Universities in Uzbekistan

Universities in Uzbekistan by City:


About universities in Uzbekistan

Higher education in the Republic of Uzbekistan dates back nearly a century, beginning with the first public university formed in 1920, but it wasn’t until achieving independence from the Soviet Union in 1991 that the country truly made higher education a national priority.  Following its independence, Uzbekistan became the architect of its own economic and social development, with the large task in front of them of creating a democratic state, civil society and a market-oriented economy that could compete in a highly specialized world.  This, they realized, would entail major educational reform—changes to the system that would produce graduates qualified to meet the needs of the nation and ensure its competitiveness in the world market.  One of these reforms came in 1997, when then President Islam Karimov signed into law the National Program for Personnel Training (NPPT), which, among other things, outlined the challenges facing the country’s higher education system and stressed the importance of creating a multi-level and highly specialized system that would enable the country to meet those challenges.
As a result of the structural changes outlined by the NPPT, there are now nearly 70 higher education institutions (HEIs) in Uzbekistan (and twice as many post-secondary vocational schools).  As a general rule of thumb, these institutions are either labeled as state universities, offering a wide range of academic courses, or technical institutes, at which students receive highly specialized instruction in advanced career fields.  Today there is now at least one state university and technical institute in each of the country’s regional centers.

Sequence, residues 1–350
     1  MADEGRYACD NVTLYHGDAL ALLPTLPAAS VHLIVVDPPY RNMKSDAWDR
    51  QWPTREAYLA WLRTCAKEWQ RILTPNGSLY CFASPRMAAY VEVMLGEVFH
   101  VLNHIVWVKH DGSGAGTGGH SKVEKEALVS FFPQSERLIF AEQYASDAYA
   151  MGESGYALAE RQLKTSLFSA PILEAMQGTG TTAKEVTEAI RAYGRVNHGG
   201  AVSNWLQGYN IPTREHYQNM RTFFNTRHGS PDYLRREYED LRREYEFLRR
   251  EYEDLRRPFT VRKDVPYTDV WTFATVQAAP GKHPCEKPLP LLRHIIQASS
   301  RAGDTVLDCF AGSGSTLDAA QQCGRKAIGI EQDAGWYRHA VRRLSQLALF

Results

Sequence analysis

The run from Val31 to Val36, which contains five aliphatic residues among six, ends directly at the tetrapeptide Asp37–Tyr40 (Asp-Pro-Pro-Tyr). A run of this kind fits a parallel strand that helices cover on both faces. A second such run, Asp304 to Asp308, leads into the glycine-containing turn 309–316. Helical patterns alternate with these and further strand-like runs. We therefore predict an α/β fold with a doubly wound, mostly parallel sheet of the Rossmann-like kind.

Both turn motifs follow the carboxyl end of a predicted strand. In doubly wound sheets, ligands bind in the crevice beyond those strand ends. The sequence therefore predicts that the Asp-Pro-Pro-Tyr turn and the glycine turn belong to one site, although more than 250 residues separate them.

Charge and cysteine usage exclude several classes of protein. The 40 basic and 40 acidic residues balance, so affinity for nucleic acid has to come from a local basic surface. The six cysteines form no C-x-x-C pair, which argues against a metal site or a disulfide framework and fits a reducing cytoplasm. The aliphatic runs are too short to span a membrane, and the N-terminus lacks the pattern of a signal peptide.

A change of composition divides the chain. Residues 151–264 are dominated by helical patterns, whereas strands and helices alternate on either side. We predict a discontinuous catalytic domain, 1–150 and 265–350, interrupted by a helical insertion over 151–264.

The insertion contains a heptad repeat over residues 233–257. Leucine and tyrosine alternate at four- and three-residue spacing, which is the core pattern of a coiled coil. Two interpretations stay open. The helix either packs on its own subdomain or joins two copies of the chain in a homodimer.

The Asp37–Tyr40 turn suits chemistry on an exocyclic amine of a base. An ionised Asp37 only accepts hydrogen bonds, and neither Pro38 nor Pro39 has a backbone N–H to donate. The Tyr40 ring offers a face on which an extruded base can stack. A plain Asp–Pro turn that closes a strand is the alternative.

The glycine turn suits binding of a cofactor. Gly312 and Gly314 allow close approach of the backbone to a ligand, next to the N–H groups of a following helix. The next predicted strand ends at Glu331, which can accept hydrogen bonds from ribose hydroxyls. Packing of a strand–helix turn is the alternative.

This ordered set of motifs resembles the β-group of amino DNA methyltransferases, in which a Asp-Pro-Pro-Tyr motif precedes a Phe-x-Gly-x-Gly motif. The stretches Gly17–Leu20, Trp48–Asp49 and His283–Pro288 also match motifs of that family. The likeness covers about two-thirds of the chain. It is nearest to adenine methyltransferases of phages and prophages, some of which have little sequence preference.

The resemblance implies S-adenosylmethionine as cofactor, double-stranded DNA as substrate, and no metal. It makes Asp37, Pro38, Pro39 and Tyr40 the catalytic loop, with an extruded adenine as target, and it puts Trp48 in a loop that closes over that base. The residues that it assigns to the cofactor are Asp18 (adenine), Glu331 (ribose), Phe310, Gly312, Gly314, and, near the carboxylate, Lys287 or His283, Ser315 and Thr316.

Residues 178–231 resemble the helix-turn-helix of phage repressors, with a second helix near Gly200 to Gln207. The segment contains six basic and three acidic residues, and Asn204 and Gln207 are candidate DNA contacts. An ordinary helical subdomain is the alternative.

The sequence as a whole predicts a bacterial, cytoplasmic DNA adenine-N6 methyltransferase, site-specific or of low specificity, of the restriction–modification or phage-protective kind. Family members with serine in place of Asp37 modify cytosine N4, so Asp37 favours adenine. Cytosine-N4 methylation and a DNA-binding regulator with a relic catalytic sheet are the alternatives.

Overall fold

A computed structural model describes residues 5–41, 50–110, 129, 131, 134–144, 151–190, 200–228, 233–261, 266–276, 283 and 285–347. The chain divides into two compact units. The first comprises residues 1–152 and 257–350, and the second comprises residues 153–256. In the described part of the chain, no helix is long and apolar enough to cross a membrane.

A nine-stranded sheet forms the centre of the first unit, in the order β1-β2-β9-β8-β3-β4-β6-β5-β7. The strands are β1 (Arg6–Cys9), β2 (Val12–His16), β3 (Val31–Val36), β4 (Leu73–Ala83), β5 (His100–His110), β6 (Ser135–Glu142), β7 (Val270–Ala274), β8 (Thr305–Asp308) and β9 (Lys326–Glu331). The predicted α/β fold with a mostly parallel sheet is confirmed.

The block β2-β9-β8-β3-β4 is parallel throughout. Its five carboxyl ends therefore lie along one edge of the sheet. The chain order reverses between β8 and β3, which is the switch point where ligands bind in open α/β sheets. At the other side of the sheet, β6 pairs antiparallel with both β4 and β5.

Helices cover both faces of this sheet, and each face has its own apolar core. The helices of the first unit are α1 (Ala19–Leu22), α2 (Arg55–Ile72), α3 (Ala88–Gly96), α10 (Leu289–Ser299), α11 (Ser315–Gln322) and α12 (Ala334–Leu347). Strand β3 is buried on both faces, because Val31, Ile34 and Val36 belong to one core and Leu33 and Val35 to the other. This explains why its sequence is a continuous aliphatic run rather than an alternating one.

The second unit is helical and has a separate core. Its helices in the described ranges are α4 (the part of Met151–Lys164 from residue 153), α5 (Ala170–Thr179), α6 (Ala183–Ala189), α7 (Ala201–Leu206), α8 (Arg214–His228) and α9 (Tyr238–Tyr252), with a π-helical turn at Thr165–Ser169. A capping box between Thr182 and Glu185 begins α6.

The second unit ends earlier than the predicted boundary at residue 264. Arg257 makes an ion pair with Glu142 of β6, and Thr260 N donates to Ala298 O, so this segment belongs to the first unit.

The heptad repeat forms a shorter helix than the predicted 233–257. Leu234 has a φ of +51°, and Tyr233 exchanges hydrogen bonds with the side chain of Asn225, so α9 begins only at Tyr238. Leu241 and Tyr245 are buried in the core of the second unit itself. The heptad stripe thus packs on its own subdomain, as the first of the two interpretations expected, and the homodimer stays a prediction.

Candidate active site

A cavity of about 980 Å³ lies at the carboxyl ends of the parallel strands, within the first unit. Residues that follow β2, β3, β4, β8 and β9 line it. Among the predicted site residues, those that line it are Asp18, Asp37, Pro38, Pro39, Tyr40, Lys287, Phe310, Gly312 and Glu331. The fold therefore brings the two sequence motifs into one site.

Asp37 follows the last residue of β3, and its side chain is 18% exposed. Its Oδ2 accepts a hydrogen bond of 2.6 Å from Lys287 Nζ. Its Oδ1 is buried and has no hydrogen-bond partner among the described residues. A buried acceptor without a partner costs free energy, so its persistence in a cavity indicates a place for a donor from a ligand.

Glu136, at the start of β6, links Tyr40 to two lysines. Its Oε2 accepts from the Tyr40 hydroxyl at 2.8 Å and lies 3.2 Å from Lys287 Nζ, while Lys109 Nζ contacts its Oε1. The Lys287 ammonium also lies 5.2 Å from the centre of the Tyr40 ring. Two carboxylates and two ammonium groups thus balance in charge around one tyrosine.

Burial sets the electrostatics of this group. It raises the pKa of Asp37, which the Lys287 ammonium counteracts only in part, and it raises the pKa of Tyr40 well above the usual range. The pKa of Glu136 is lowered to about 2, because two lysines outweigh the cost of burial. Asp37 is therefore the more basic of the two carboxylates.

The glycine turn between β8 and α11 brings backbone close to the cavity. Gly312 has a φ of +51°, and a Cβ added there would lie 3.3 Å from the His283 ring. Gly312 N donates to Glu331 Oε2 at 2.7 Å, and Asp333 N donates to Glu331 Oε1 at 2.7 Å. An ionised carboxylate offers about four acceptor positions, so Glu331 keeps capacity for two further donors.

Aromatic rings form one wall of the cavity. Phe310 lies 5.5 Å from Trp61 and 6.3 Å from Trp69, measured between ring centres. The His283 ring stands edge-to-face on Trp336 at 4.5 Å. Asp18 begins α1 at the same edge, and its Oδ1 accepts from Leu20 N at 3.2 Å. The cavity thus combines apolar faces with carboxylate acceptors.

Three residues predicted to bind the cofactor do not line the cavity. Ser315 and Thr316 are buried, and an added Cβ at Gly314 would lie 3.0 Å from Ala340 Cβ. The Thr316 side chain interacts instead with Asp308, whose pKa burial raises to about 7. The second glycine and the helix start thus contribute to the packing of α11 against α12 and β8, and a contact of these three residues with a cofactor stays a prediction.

Structure of Higher Education
In Uzbekistan, higher education is primarily funded and overseen by the Ministry of Higher and Secondary Specialized Education (MHSEE), a body that is also directly responsible for 34 of the country’s institutions—14 universities and 20 institutes.  The other universities and institutes, most of which are highly specialized with regard to the programs they offer, are overseen jointly by the MHSEE and another corresponding ministry, such as the Ministry of Agriculture, Ministry of Culture, Ministry of Science or Ministry of Public Health.  The MHSEE, however, is responsible for approving the curriculum and setting the academic and professional standards at each of the country’s HEIs.
Since the year 2000, the number of people enrolled at Uzbekistani universities has increased by over a third.  According to the latest data, there are now nearly 300,000 students enrolled in higher education at the university level, and approximately 23,000 teachers and professors.  Seven-percent of university students are studying at the graduate or post-graduate level.
In accordance with the National Program for Personnel Training, the higher education system in Uzbekistan, much like the secondary education system that includes academic lyceums and vocational schools, now includes two distinct levels:  Bachelor’s Degree and Master’s Degree.
At the Bachelor level, students receive basic higher education on the fundamental principles and practical application within a given specialty.  These programs generally span 4-6 years, and upon successful completion of these studies, students are awarded the degree of Bachelor and granted a state certificate which entitles them to pursue professional interests.
Students possessing a Bachelor degree are also eligible for admittance into the graduate or Master’s degree level of education, which involves advanced studies in the theoretic principles and applied knowledge within a concrete field.  These programs typically take 2-3 years to complete, and graduates receive a Master’s degree and a diploma of the state pattern, the latter entitling them to seek employment in their chosen field, typically at a level more advanced than those held by Bachelor-degree holders only.